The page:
I get what you mean but you're coming across as being quite harsh on those kids in the previous poster's example. Try and apply the same scenario in a typical office environment and you might see the value in what was done there. Take your average IT team. They may need input from various departments in order to complete a roll-out of a technical solution. The project (or maybe the business) isn't big enough to warrant a project manager but it will make a difference day-to-day regardless. The users in the company may have gotten used to IM apps to get instant feedback from one another while they're sat at their desks and rely less on e-mail as a result as it seems less efficient and a greater hassle to administer. The IT team send out an e-mail to all staff asking for the info they need to complete the project. Are we going to get the info the IT team requires promptly? Look - today's youth are used to multi-stream social communication via the Internet. Traditional methods for electronic communication (e-mail, forums or BBS, and IM) are falling out of favour while social media applications and blogging services are massively on the rise. By the time their kids are using the Internet to communicate the toolset will have changed again. The $64,000 question is: Why shouldn't we choose to use tools that the people we're communicating with are already familiar with? Surely that will solicit a greater response, regardless of the age group we're dealing with? Reverse my example and my point still stands. If the company in my example used e-mail as a primary communication tool except the IT team (who used IM or what-have-you) the IT people would get a worse response using THEIR tool of choice than if they selected the user's tool of choice. Yep, you don't always get what you want and we shouldn't pander to our kids' every whim but as IT people we should always pay attention to our users and serve their needs in the best way possible. Sometimes that really does mean doing things their way. I'm sorry if this comes across as a personal attack or a litloe harsh in esponse - it isn't. I really do understand what you mean but felt the need to expand on my thoughts re: matching the user's needs. Of course, there's another layer here that I haven't gone into regarding moving technology forward (user: "but I've always used my BBS? Why should I use social media?") but I've gone on far too long already :)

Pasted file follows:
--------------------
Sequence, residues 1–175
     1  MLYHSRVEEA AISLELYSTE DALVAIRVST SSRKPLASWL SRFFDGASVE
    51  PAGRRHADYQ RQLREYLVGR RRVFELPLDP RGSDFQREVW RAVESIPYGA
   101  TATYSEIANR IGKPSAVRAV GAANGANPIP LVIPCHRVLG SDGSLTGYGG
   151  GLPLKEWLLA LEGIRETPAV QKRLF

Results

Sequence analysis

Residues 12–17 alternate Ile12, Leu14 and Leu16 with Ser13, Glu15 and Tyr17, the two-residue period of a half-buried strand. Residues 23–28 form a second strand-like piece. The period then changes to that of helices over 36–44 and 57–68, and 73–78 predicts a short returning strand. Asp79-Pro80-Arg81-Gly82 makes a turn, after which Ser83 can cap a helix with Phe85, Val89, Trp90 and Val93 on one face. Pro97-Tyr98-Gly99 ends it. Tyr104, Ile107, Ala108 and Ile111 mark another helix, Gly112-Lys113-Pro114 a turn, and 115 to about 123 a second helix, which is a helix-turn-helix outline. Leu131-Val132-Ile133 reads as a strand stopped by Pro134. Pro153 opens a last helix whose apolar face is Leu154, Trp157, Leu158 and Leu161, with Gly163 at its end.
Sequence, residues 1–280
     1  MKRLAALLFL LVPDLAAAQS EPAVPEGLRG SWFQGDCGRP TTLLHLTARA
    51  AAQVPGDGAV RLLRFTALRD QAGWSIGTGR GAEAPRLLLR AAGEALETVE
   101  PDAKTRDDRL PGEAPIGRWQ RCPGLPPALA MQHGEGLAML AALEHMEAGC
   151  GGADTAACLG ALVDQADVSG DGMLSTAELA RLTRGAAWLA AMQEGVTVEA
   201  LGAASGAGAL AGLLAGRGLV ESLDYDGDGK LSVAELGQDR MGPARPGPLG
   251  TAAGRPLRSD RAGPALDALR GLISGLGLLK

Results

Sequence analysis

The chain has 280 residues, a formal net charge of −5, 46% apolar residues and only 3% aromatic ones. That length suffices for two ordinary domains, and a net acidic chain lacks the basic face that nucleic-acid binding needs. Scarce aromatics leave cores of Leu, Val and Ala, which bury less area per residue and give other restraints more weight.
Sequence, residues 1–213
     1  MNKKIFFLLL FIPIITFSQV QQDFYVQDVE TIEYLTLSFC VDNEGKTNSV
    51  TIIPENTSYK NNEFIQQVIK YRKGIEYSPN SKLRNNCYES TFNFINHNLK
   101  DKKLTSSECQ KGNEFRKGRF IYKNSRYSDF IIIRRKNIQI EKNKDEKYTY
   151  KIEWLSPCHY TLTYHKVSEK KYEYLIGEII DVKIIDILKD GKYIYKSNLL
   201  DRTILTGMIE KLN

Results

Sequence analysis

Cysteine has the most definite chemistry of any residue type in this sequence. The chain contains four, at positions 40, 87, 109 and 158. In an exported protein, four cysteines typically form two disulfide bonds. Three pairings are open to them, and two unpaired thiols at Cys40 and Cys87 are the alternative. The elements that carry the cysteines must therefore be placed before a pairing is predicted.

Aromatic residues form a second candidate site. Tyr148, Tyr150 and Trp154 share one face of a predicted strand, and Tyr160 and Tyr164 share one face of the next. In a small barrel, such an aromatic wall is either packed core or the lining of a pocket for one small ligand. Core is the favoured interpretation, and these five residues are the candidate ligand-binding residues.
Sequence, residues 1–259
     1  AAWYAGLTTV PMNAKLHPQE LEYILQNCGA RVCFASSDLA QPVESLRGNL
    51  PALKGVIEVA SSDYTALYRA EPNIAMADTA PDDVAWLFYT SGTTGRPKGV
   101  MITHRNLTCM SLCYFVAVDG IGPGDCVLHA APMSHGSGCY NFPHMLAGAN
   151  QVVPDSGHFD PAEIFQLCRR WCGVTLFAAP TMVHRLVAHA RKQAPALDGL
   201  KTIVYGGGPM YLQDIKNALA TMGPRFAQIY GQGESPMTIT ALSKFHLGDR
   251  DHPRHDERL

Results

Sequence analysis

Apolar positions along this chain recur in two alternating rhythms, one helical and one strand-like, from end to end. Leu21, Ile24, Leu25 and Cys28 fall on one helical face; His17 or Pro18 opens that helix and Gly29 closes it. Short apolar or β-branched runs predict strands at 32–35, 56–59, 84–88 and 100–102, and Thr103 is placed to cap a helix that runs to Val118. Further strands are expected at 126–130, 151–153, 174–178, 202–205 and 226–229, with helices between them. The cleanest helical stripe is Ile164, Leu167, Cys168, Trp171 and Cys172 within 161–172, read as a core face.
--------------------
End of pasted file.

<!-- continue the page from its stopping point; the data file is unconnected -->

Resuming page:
monica
monica

:)) Like it. Post-its still have a place in this high tech world. I have one on my PC with my daily 'must do' tasks!

monica
monica

Well don't be suprised if you too are left out of the loop. If you can coach people to use email more effectively that's great. But what do you do if they are external to you and the organisation?

monica
monica

Charlie, Most people don't realise just how important the subject-line is as an attention graber. I liken it to the impression you make when you walk in to a crowded room which in this case is a bulging inbox. Good subject-line is key to saving time and effective email etiquette. On your request for an email when cornered on your travels. Very good point as it presumably serves to short the wheat from the chaff and those who really need you.

monica
monica

Hi, Using lots of big black bags stashed neatly in one place maybe!!! Its always interesting when I prowl around client's offices. Those with the most disorganised desks/offices are often those who need the most help managing their inbox. Conversely those with neat desk are paranoid about filing and keeping their emails.

dl_wraith
dl_wraith

I've never had an offer to chat in person about a TR article before - thank you. I only hope that I haven't offended in any way (as that wasn't (and never is) my intention). I'm UK based (like you) and will update my profile shortly to include some contact info. You can reach me there.

monica
monica

Hi DL, How about a phone conversation to talk through some of the challenges you raise?

mdwalls
mdwalls

Admittedly different folk have different working styles. But I always wonder how much productive work was avoided by compulsive neatness?